Here’s your Cheat Sheet to this week’s top stories:
The U.S. equity markets gave up early gains to close the day deep in red territory. Political concerns and lingering uncertainty surrounding the upcoming sequestration deadline weighed on investor sentiment, while the VIX surged from 14.17 to 18.99.
At the close: DJIA: -1.55%, S&P 500: -1.83%, NASDAQ: -1.44%.
On the commodities front, WTI crude (NYSEARCA:USO) for April delivery lost 2 cents, dropping to $93.11 per barrel. Brent for April delivery climbed 34 cents to $114.44 per barrel.
Gold (NYSEARCA:GLD) futures for April delivery, the most active contract, gained $13.80 to settle at $1,586.60 per ounce, while silver (NYSEARCA:SLV) futures for March jumped 53 cents to close at $28.99.
Both precious metals rallied, despite hedge funds cutting bullish bets on gold by the most in about five years. According to U.S. Commodity Futures Trading Commission data, money managers and other large speculators decreased net-long positions in gold contracts and options by 40 percent.
The Italian election appears to be providing support for gold and silver, as exit polls raised fears that the country may not have a stable government. Projections show former Italian Premier Silvio Berlusconi’s center-right party ahead in the Senate, which could threaten austerity measures and bring the euro zone financial crisis back into focus. Earlier readings had Pier Luigi Bersani’s center-left party leading the field. The fiasco was a primary contributor to the broad decline in markets today.
General Motors (NYSE:GM) announced “a broad global strategy to deliver a new generation of connected cars and trucks with embedded 4G LTE mobile broadband, the largest deployment in the automotive industry to date.” The nation’s largest car manufacturer will be partnering with AT&T (NYSE:T) in the venture, as opposed to Verizon (NYSE:VZ)… (Read more.)
Hewlett-Packard (NYSE:HPQ) has stolen the spotlight recently with its tepidly successful turnaround story in full swing, but some investors are clearly unhappy with the progress to date. Twenty of the company’s biggest shareholders are meeting with chairman Ray Lane and other members of the board to discuss an effort aimed at ousting the directors… (Read more.)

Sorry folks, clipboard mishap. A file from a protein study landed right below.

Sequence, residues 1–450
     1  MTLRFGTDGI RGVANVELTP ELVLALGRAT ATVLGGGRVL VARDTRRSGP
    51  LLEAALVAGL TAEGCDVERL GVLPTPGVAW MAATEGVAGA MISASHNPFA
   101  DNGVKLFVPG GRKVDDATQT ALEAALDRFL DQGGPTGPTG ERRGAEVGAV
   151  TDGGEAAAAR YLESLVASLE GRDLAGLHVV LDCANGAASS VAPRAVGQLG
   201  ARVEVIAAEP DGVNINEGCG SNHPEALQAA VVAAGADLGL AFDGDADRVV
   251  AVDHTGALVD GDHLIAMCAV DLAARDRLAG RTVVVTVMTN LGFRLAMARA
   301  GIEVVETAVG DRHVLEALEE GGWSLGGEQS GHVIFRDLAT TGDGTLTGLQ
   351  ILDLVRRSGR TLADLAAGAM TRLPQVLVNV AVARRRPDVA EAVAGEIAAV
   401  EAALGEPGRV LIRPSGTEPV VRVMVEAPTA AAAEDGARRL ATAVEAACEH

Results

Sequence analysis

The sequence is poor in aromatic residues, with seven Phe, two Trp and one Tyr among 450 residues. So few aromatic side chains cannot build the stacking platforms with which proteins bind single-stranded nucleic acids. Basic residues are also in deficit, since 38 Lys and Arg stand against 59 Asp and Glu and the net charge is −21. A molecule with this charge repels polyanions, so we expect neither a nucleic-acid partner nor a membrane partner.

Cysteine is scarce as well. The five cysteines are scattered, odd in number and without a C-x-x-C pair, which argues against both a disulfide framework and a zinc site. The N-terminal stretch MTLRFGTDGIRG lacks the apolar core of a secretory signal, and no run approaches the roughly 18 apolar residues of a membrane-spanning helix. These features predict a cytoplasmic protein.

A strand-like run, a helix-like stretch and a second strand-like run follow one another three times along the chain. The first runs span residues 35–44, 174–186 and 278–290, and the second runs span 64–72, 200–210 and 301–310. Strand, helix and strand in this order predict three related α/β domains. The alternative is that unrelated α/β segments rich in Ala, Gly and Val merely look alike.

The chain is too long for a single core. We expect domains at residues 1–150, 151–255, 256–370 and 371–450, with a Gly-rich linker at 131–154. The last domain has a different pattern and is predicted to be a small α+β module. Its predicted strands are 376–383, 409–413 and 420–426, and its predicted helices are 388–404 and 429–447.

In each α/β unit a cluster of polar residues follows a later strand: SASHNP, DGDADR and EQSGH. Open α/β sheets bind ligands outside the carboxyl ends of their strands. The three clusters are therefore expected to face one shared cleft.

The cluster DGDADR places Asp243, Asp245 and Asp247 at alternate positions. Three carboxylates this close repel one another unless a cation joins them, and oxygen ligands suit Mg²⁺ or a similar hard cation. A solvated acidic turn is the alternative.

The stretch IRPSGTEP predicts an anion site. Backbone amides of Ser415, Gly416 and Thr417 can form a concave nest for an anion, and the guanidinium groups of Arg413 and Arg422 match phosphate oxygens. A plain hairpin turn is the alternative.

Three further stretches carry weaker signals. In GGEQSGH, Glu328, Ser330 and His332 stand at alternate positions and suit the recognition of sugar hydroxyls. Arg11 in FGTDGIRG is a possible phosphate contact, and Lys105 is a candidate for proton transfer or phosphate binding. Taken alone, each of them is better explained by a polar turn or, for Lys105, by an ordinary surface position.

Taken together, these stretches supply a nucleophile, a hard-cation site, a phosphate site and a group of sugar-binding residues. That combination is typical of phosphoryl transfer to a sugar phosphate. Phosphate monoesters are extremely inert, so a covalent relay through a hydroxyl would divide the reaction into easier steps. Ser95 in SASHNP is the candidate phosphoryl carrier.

Netflix (NASDAQ:NFLX) may possess the secret sauce that could make an original series successful: user data. In order to develop “House of Cards” — which was very well received — the Internet-video provider looked at the massive amount of data provided by its 27 million United States subscribers, and ran the numbers. Netflix did not stumble upon the combination of director David Fincher, leading actors Kevin Spacey and Robin Wright, and the idea to remake the British version of “House of Cards” randomly… (Read more.)
Barnes & Noble (NYSE:BKS) announced that it is evaluating the sale of its retail business to chairman and founder Leonard Riggio. There is no timetable yet for the board’s strategic review of the proposition, but shares closed the day up 11.47 percent, despite market turmoil, on the news… (Read more.)
Zynga (NASDAQ:ZNGA) also had a good day despite broad market losses. Investors are still riding high on Nevada’s legalization of online gambling and the long-term implications it could have for the social gaming company… (Read more.)
General Electric (NYSE:GE) filed a lawsuit on February 15 against several Whirlpool (NYSE:WHR) subsidiaries and two European suppliers of refrigerant compressors in the federal U.S. District Court for the Western District of Kentucky. GE’s lawsuit alleges that it was the “victim of the conspirator’s cartel,” which artificially pushed compressor market prices higher by illegally coordinating price increases with each other… (Read more.)